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Nonsuppressible viremia during
HIV-1 therapy meets molecular virology
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Ann Emery,1 Sarah B. Joseph,1,2,3 and Ronald Swanstrom1,4
Published March 15, 2023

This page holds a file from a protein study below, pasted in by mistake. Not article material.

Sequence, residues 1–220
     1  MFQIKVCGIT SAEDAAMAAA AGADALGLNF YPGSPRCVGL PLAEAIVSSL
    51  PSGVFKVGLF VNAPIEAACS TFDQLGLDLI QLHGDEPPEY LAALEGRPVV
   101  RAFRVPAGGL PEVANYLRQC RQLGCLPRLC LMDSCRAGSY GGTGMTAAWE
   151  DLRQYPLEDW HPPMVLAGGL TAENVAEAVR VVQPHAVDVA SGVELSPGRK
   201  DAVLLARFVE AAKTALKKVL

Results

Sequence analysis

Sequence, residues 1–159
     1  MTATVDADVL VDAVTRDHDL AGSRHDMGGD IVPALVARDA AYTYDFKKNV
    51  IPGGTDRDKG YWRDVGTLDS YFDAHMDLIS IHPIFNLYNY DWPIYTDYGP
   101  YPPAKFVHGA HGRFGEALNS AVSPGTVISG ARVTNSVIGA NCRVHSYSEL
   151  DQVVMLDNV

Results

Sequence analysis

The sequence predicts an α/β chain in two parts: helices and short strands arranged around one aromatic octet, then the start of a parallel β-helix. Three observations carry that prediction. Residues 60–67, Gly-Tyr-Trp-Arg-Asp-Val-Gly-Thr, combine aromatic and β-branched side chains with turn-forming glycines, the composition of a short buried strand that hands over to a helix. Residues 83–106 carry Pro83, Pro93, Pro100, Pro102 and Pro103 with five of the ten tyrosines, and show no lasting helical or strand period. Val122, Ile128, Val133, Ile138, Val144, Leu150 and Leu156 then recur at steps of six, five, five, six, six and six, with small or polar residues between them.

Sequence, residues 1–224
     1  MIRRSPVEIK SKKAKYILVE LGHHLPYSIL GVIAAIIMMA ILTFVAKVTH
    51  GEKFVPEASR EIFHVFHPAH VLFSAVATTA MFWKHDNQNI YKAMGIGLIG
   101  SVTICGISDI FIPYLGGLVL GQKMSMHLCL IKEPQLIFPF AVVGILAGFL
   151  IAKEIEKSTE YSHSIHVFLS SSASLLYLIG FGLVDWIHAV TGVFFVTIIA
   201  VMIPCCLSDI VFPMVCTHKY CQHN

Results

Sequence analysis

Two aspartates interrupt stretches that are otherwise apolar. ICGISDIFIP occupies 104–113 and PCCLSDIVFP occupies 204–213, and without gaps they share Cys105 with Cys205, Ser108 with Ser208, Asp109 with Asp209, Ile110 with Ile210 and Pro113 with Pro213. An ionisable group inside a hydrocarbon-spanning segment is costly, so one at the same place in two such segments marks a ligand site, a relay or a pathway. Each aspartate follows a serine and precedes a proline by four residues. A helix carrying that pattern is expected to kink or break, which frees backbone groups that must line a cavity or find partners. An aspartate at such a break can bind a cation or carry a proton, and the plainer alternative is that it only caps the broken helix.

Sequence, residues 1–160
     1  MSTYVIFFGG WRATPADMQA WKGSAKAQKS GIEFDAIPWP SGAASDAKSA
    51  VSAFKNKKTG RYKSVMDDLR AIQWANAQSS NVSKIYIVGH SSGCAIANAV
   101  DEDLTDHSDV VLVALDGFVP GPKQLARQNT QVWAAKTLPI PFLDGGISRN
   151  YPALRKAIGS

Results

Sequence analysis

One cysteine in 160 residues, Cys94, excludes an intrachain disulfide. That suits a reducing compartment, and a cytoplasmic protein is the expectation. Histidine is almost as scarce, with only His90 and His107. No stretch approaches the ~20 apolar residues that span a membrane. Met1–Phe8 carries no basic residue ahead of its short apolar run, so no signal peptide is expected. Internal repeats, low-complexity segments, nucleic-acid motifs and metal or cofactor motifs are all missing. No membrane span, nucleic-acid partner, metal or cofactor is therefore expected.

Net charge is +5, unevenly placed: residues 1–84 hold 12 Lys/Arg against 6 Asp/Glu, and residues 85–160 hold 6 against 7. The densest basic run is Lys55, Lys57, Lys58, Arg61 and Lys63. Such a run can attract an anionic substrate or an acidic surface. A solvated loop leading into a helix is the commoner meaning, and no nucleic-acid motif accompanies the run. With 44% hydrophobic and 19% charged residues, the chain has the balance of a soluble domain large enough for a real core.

HIV-1 replication can be suppressed with antiretroviral therapy (ART), but individuals who stop taking ART soon become viremic again. Some people experience extended times of detectable viremia despite optimal adherence to ART. In this issue of the JCI, White, Wu, and coauthors elucidate a source of nonsuppressible viremia (NSV) in treatment-adherent patients - clonally expanded T cells harboring HIV-1 proviruses with small deletions or mutations in the 5'-leader, the UTR that includes the major splice donor site of viral RNA. These mutations altered viral RNA-splicing efficiency and RNA dimerization and packaging, yet still allowed production of detectable levels of noninfectious virus particles. These particles lacked the HIV-1 Env surface protein required for cell entry and failed to form the mature capsid cone required for infectivity. These studies improve our understanding of NSV and the regulation of viral functions in the 5'-leader with implications for rationalized care in individuals with NSV.

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